David Mullinax, Iya Falcone, and Shane Stark (from left) said eradicating rent control is just the start of the havoc that the initiative would wreak.

Paul Wellman

David Mullinax, Iya Falcone, and Shane Stark (from left) said eradicating rent control is just the start of the havoc that the initiative would wreak.

Prop 98 Targets Mobile Homes

On the Take

Current and former city and county officials appearing at an admittedly one-sided panel discussion blasted Proposition 98 as a plague upon community planning. On the ballot in June, this proposed amendment to the California Constitution claims to reform the use of eminent domain-the government’s power to take private property, with compensation, but not necessarily with the owner’s consent-for the public benefit.

According to the arguments of its proponents, Proposition 98, called the California Homeowners and Farmland Protection Act, protects governmental authority to take property for schools, parks, or freeways, according to its proponents, but bars governments from taking property from one private party to benefit a different private party. Written by the Howard Jarvis Taxpayers Association and funded heavily by the Mobile Home Parks Association and apartment building owners, the initiative specifically targets rent control as an impermissible transference of property value. In Santa Barbara County, rent control’s eradication would affect thousands of mobile home park residents.

People who have lived in their mobile homes since January 1, 2007, or before, would continue to have rent control until they move out, but they would lose a substantial part of the resale value of the mobile home when it’s no longer on a rent-controlled property.

Sitting on the panel at the Santa Barbara Public Library on Friday evening, April 25, were former county counsel Shane Stark, Santa Barbara City Councilmember Iya Falcone, and David Mullinax, a public affairs manager for the League of California Cities, which has a competing measure on the June ballot, Proposition 99. The panelists alleged that Prop. 98 menaces zoning laws and environmental preservation. Mullinax said it would invite innumerable lawsuits challenging regulation of private property use, if it could be argued that the regulation transferred economic benefit to other private parties. “That could be zoning, height, setbacks, [noise] curfews,” said Starke. Mullinax added to the list viewsheds, traffic, and affordable housing. Falcone said Prop. 98 would put up barriers to requiring the transfer of property into the stewardship of private nonprofits, such as the Santa Barbara Land Trust.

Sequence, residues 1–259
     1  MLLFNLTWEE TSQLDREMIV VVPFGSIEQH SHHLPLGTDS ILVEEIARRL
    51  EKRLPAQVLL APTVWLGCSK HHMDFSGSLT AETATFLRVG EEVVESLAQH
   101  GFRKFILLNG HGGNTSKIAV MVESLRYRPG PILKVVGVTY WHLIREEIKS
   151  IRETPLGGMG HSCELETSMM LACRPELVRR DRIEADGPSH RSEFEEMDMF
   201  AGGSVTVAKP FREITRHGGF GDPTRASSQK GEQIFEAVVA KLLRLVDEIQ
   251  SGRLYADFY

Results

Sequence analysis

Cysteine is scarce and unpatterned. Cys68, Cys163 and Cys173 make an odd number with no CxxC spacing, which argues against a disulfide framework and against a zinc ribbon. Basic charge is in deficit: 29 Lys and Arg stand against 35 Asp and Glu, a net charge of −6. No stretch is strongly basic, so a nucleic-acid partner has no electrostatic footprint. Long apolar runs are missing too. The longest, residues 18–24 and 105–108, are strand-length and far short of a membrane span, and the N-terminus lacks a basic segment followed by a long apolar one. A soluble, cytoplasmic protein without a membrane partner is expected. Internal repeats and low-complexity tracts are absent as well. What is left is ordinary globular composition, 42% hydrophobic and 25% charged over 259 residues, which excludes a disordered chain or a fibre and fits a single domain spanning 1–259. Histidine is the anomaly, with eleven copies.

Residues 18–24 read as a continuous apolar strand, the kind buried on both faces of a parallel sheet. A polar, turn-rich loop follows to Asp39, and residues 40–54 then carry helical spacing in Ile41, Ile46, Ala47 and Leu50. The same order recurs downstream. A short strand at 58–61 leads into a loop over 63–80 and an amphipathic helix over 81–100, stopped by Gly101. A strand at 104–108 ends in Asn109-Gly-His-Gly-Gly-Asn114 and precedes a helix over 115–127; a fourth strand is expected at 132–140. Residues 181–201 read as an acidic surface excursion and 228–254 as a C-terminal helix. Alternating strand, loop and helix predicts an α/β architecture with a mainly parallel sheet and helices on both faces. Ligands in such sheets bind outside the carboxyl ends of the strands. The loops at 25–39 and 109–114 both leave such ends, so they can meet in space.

Joe Armendariz-executive director of the conservative Santa Barbara Taxpayers Association (SBTA), a likely South County source of support for such a pro-property rights initiative-was lukewarm about Proposition 98. Though the SBTA won’t take an official position until its May 8 meeting, and therefore declined its invitation to take part in the panel discussion, Armendariz called it “unfortunate” that the proposition included provisions to gut mobile home park rent control. “Philosophically I understand the connection,” said Armendariz, “but in Carpinteria and Goleta and Santa Maria a lot of vulnerable residents of mobile home parks, like the elderly, depend on rent control.”

The alternative measure, Proposition 99, placed on the ballot days after Prop. 98 was introduced, contains a poison pill provision: If it gets more votes, Prop. 99 would kill Prop. 98 entirely. Like 98, Prop. 99 is a Constitutional amendment, but it pays homage to the headlines and popular outrage provoked by the 2005 Supreme Court case Kelo v. the City of New London. In that case, the court allowed the city to oust unwilling homeowners in an older Connecticut neighborhood so it could replace them with more revenue-generating development. Prop. 99, known as the Homeowners’ Protection Act, would “prohibit the government from using eminent domain to take a home to transfer to a private developer” if the home has been owner-occupied for at least one year. The panelists at the library claimed that California law already provides ample protections for homeowners. “You don’t need Proposition 99 either,” said Starke, “but unlike 98 it does directly address Kelo. So if your bell is rung by the Kelo decision, it probably deserves a yes vote.”

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